Copyright ©The Author(s) 2016. Published by Baishideng Publishing Group Inc. All rights reserved.
World J Orthop. Apr 18, 2016; 7(4): 202-217
Published online Apr 18, 2016. doi: 10.5312/wjo.v7.i4.202
Use of clinical movement screening tests to predict injury in sport
Nicole J Chimera, Meghan Warren
Nicole J Chimera, Department of Athletic Training, Daemen College, Amherst, NY 14226, United States
Meghan Warren, Department of Physical Therapy and Athletic Training, Northern Arizona University, Flagstaff, AZ 86001, United States
Author contributions: Chimera NJ and Warren M contributed equally to writing and revising this manuscript.
Conflict-of-interest statement: Chimera NJ and Warren M have no conflicts of interest related to this publication.
Open-Access: This article is an open-access article which was selected by an in-house editor and fully peer-reviewed by external reviewers. It is distributed in accordance with the Creative Commons Attribution Non Commercial (CC BY-NC 4.0) license, which permits others to distribute, remix, adapt, build upon this work non-commercially, and license their derivative works on different terms, provided the original work is properly cited and the use is non-commercial. See: http://creativecommons.org/licenses/by-nc/4.0/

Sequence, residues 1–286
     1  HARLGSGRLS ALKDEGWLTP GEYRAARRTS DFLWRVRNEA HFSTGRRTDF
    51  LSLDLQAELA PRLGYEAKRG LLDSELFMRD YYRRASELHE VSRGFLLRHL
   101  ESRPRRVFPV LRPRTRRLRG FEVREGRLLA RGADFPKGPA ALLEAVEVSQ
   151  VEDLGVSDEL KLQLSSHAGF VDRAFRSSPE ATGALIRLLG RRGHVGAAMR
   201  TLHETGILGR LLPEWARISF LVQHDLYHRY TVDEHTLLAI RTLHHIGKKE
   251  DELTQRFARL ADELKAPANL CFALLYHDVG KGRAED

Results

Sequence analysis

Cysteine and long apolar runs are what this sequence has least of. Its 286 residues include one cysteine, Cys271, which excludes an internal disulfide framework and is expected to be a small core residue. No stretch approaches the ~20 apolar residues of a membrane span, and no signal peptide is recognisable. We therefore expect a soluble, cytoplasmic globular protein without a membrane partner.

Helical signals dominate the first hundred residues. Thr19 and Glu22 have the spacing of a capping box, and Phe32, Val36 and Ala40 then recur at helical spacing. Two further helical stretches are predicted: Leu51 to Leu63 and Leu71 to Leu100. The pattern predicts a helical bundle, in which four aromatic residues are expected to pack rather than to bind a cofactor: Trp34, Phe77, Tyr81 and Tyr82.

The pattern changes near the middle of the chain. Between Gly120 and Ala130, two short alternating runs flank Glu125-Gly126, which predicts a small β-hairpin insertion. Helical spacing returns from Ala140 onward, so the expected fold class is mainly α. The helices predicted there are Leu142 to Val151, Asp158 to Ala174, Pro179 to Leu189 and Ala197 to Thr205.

Correspondence to: Nicole J Chimera, PhD, ATC, CSCS, Department Chair and Program Director, Department of Athletic Training, Daemen College, 4380 Main Street, Amherst, NY 14226, United States. nchimera@daemen.edu
Telephone: +1-716-8398413 Fax: +1-716-8398314
Received: August 7, 2015
Peer-review started: August 11, 2015
First decision: October 16, 2015
Revised: October 28, 2015
Accepted: December 29, 2015
Article in press: January 4, 2016
Published online: April 18, 2016
Core Tip

Core tip: Clinical movement screening tests like the Functional Movement Screen and Y Balance Test have gained a lot of popularity in the clinical setting as a tool to predict injury and guide injury prevention programs/training. However, clinicians should be aware that various factors like sex differences, previous injury history, and sport participation can influence the accuracy of these screening tests; therefore, it is important to evaluate the validity, reliability, and accuracy of these tools before implementing them into clinical practice.